Two more doctors are being investigated by the California Medical Board over allegations they signed unnecessary vaccine exemptions for students, according to court records filed by the board.
The inquiries into Dr. Kelly Sutton and Dr. Michael Fielding Allen raise the number to four doctors who are now the subject of ongoing medical board investigations over their exemption practices. A fifth, Dr. Kenneth Stoller, is being investigated by the San Francisco City Attorney’s Office.
Together, the five — including Dr. Bob Sears of Orange County and Dr. Ron Kennedy of Santa Rosa — wrote a third of all exemptions reviewed by this news organization as part of a report on exemptions in eight Bay Area school districts.
Last month, the medical board requested a court order to enforce a subpoena filed to Kaiser Permanente, asking the HMO to turn over copies of medical exemptions signed by Sutton and Allen, as first reported by Kaiser Health News.
The board opened its investigation in response to a tip from the assistant chief of pediatrics at Kaiser’s Roseville Medical Center, who was concerned by medical exemptions the two doctors had signed for the clinic’s pediatric patients, according to court filings.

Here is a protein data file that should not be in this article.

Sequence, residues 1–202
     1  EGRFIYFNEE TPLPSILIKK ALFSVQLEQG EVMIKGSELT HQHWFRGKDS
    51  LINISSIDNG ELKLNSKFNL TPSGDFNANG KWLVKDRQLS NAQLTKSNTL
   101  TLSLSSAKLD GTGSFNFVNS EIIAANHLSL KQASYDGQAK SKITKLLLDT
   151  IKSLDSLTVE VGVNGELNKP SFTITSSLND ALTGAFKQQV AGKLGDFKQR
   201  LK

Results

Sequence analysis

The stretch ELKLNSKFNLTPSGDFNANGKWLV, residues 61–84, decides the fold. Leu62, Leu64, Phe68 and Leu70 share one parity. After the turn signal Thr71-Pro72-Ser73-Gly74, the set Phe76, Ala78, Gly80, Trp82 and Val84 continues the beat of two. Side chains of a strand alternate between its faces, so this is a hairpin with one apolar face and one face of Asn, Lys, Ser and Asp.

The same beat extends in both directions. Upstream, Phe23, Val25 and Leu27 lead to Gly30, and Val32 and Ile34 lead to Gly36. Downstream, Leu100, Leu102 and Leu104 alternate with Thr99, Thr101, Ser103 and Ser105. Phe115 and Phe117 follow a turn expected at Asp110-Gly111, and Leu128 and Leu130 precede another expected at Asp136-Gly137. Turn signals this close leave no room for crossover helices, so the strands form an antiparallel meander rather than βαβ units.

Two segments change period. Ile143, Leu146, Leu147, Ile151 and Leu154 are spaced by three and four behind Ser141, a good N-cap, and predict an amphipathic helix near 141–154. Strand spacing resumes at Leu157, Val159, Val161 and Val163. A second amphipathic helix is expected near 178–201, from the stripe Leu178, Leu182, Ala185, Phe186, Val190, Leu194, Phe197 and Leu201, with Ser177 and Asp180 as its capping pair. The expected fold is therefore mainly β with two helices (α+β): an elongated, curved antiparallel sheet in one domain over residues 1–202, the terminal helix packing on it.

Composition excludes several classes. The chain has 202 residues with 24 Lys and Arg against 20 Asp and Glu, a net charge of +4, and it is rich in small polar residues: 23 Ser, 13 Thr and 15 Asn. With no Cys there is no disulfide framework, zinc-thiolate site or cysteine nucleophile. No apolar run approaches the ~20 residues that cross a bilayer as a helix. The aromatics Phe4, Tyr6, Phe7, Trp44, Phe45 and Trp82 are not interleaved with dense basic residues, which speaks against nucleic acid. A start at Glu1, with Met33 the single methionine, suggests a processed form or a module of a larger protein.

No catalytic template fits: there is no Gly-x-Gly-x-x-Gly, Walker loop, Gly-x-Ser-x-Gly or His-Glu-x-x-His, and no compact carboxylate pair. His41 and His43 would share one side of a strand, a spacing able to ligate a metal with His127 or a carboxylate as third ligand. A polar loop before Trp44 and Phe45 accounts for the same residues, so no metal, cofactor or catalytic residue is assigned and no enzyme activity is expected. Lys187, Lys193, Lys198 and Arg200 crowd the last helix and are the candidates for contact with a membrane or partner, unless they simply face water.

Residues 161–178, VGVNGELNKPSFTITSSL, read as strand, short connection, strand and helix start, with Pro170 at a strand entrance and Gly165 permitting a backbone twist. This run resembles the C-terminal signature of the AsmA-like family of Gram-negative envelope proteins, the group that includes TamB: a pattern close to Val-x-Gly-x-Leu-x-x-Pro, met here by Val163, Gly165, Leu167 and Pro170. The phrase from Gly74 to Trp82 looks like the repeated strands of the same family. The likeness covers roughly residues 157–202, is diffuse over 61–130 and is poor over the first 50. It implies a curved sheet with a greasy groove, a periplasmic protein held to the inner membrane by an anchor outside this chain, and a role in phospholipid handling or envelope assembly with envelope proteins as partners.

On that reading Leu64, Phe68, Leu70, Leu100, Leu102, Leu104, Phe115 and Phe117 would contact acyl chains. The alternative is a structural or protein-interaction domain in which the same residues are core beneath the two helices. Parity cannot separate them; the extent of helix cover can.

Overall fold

Kaiser members sought exemptions from Allen and Sutton, neither of whom work for the HMO, and then gave them to their primary care doctors. The medical board initially subpoenaed Kaiser for the records, but the healthcare provider refused to hand over any records that would identify patients. The board is now requesting a court order for the unredacted exemptions.
The medical board recently won a similar court battle to review exemptions signed by Kennedy. In June, just days after Sears argued against stricter student vaccine regulations at a State Assembly hearing, the medical board accused him of writing unnecessary exemptions. His license has been on probation since last year for the same reason.
The investigations are being conducted during the worst measles outbreak in decades, and amid a bitter fight over student vaccine requirements. A bill now in the California Assembly would allow state public health officials to review suspicious exemptions, which a small but vocal minority of Californians argue violates medical freedom.
Sutton and Allen were not immediately available Tuesday for comment.
Five California doctors now under investigation over student vaccine exemptions